The Loch Ness Monster Story

This is just one of the over 1000 sightings of the Loch Ness Monster recorded in the Official Loch Ness Monster Sightings Register. The register records encounters with the Monster that go back almost 1500 years to 565AD.

On the 22nd of August in that year the Irish Saint Columba encountered a creature, not in the loch itself, but in the River Ness that flows out of the loch to connect with the North Sea. Although known for a host of other deeds that included bringing Christianity to the Picts, St. Columba not only saw the monster, but spoke to it. In a story told over 100 years after the event, the saint saved one of his followers from being attacked by the creature. He made the sign of the cross and commanded it to "Go no further. Do not touch the man. Go back at once."

This is the only sighting recorded until 1520 and through the next 300 years descriptions of Nessie are sporadic.

But in the early 1930s a road opened around Loch Ness and sightings poured in. In 1933 the Inverness Courier told the story of Mr. & Mrs MacKay’s encounter with what they called the Loch Ness Monster for the first time.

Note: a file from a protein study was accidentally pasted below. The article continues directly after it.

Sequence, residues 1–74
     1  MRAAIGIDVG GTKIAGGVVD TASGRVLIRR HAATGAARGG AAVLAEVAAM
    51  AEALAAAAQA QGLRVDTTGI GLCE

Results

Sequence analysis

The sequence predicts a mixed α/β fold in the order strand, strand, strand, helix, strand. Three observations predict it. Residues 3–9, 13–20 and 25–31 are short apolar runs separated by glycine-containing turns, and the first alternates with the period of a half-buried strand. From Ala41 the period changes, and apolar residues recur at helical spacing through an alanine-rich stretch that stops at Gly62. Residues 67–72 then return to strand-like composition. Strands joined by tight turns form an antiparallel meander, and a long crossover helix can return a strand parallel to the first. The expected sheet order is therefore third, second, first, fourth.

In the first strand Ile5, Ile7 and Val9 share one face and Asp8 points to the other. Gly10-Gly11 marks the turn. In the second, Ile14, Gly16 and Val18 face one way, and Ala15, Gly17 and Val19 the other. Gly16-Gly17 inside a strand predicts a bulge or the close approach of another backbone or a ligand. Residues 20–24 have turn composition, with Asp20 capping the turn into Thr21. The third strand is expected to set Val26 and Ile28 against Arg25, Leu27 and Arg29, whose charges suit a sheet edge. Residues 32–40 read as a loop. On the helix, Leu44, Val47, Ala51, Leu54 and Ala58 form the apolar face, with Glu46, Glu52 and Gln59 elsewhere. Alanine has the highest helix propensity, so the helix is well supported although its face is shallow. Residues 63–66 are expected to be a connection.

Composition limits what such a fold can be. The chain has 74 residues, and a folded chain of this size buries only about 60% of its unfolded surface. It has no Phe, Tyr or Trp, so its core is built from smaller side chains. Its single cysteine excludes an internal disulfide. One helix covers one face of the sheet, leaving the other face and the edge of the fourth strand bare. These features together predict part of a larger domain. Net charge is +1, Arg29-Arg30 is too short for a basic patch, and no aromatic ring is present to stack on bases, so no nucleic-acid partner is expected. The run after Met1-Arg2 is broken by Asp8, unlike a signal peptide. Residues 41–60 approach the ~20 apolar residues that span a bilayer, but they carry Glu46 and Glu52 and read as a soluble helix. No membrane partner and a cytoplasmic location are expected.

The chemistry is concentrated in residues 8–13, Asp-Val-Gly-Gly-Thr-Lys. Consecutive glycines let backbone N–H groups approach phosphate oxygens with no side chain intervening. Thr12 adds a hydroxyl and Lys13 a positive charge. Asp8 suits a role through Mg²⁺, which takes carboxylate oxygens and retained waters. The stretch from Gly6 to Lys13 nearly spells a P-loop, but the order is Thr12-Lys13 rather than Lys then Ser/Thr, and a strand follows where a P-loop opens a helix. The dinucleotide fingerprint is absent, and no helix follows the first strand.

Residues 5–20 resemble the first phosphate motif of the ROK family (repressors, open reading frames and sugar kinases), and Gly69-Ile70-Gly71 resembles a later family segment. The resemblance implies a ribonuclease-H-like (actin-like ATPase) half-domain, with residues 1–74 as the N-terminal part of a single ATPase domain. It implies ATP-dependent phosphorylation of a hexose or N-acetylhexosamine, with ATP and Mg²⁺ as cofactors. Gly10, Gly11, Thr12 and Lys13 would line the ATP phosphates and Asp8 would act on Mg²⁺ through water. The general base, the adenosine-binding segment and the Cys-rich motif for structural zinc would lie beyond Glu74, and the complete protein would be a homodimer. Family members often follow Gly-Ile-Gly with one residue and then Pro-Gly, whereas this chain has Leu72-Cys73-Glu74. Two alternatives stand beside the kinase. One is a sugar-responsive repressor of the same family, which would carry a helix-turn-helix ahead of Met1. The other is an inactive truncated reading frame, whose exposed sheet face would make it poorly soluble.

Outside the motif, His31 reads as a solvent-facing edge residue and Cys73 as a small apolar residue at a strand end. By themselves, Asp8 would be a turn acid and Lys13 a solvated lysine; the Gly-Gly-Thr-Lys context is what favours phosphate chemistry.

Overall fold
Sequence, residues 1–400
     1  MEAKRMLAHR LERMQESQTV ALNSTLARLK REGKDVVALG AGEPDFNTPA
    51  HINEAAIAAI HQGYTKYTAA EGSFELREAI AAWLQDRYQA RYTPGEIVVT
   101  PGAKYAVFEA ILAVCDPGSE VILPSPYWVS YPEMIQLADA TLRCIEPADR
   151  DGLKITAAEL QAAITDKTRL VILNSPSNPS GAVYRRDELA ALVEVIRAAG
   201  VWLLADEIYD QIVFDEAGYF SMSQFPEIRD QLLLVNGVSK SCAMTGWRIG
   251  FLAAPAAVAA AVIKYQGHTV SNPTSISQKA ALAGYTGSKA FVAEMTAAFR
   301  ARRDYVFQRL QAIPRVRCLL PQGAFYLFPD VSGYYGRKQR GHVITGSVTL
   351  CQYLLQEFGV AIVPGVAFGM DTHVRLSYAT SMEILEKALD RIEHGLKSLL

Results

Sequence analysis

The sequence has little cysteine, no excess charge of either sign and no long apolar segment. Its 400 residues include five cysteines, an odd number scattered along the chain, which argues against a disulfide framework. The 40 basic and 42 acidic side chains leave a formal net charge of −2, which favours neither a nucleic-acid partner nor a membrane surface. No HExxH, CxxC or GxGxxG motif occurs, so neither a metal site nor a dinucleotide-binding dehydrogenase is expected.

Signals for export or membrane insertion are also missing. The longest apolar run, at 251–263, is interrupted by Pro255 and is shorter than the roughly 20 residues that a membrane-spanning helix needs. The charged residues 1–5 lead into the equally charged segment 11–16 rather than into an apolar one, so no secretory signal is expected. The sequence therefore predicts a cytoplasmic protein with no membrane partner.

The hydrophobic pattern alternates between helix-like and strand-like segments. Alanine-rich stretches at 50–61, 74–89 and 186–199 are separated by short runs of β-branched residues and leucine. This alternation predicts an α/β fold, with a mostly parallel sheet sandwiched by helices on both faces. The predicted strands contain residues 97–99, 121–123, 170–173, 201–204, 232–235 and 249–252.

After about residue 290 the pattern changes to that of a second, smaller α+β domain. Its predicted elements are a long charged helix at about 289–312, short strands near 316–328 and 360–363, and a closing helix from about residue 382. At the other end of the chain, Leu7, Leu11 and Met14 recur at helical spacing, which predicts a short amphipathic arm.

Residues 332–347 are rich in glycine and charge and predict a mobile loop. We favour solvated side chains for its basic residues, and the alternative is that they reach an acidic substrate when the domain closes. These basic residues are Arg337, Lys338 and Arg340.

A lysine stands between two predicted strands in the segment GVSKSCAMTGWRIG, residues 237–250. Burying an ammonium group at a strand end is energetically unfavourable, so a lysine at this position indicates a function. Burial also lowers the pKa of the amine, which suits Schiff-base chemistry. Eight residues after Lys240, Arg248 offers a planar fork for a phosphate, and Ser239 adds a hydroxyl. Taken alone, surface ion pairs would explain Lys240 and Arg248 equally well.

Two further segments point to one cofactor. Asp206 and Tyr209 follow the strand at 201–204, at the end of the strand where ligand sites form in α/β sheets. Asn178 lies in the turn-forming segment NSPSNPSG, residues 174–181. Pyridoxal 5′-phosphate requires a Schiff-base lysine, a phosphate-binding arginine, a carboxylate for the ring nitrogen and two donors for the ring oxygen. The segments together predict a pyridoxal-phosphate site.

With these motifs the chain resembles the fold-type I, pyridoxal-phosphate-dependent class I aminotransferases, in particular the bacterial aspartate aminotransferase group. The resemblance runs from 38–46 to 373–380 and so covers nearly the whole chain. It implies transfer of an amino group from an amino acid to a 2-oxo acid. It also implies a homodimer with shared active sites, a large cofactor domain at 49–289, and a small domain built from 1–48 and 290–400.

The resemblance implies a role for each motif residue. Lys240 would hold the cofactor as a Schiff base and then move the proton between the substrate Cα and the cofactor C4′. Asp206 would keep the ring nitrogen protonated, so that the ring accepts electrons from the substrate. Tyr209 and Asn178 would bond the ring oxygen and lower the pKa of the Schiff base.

Since then there have been sightings, films, and sonar recordings of unexplained phenomena that have become part of the Loch Ness Monster myth. Many of these describe a long-necked creature that resembles the plesiosaurs of prehistoric times.

The encounters are usually distant sightings on the waters of the loch but among those 1000 sightings are some that are more unusual than others. There is the 1959 story of Beppo the Clown who saw the glowing eyes of Nessie underwater whilst engaged in a publicity stunt for his circus. Or one of the encounters of Nessie on land—like that of Arthur Grant in 1934. He described how he almost hit the monster with his motorcycle while Nessie was crossing the road. There’s even one swimmer in the 70s who claimed the creature touched him, although this seems to be the only example of physical contact on record.

While many people claim to have seen the Loch Ness Monster, almost as many claim to have explanations for the sightings. The people explain away the sightings as logs in the water, seals or otters at play in the loch, wind-blown waves or boats. There are also theories the monster has a supernatural or extra-terrestrial origin.

The story of the monster has also attracted high profile hoaxes over the years. These hoaxes have done little to stop the army of monster hunters trying to find undeniable proof of the monster’s existence.

See you all tomorrow.



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